When I finished chemotherapy, an appointment was scheduled with a radiation oncologist. Since I had radiation therapy eighteen years before, I wondered what changes have occurred in radiation oncology that would positively benefit me.
I approached my appointment with some trepidation. My experience with radiation therapy in the past had been a system of trial and error. My arm had to be elevated into a position which was uncomfortable. But I reasoned that that was the only way radiation therapy could be done. Back then there were no therapists to consult on special-needs cases. I wondered how this radiation oncologist would do things.
On my appointment day I was in the waiting room a few minutes past my appointment time. Then I waited in the examination room for an hour. When the doctor came in, he seemed anxious to have the man who drove me leave the examination room. I thought he wanted to examine me and asked my friend to wait outside.
The doctor seemed hyper and he asked me a myriad of questions in rapid fire succession. He wanted to know about my disability, and how well I could move. I endeavored to give him a sense of my functional ability. I told the doctor that I knew it would be more difficult to give me radiation than a patient with normal functioning. The doctor asked if I felt I could lie on the table with my right arm trussed up during the treatments. I told him that I had done it before and that I felt I could do it again. But the doctor kept shaking his head. I knew he was considering something.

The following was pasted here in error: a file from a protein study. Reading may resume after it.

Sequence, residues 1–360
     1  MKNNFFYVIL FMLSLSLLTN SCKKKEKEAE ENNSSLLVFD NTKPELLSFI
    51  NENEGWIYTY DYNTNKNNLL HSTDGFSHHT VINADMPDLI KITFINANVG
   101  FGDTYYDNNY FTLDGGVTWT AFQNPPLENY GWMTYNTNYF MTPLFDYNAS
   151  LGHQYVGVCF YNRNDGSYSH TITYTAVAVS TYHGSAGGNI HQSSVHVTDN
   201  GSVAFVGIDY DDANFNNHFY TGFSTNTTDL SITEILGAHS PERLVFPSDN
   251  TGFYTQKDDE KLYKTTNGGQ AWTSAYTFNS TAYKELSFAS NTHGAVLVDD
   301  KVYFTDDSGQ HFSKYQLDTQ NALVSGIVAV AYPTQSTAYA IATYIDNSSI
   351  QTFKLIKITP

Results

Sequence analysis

Then, abruptly the doctor left. I sat in the room and wondered what was going on. There was no patient activity in the hallway, and radiation treatments appeared to be over for the morning. After a few minutes, the doctor and a female therapist came in.
We had a brief discussion about the treatments. The therapist said it takes 10 minutes for a patient to get a treatment. They thought it would take 30 minutes or more for me. The therapist checked my arm's range of motion and easily moved my arm to the position needed for treatments.
Then they said it would be better for me to go to a different facility to be x-rayed, measured, and tattooed before radiation treatments. This other facility had a larger machine which would make measuring me easier. Though I was a bit confused, it seemed better to go to this other facility that could accommodate my special needs.
The doctor and therapist suggested I could get all of my treatments at this other facility. They reasoned that the trip was only eight miles farther from the nursing home. Though they were looking for a better solution for me, I felt they did not want to treat me.
I have an appointment this week at this other facility. The Director of Nursing here has offered to go along. I am hoping that despite my level of functioning they will find a way to give me the radiation treatments that I need.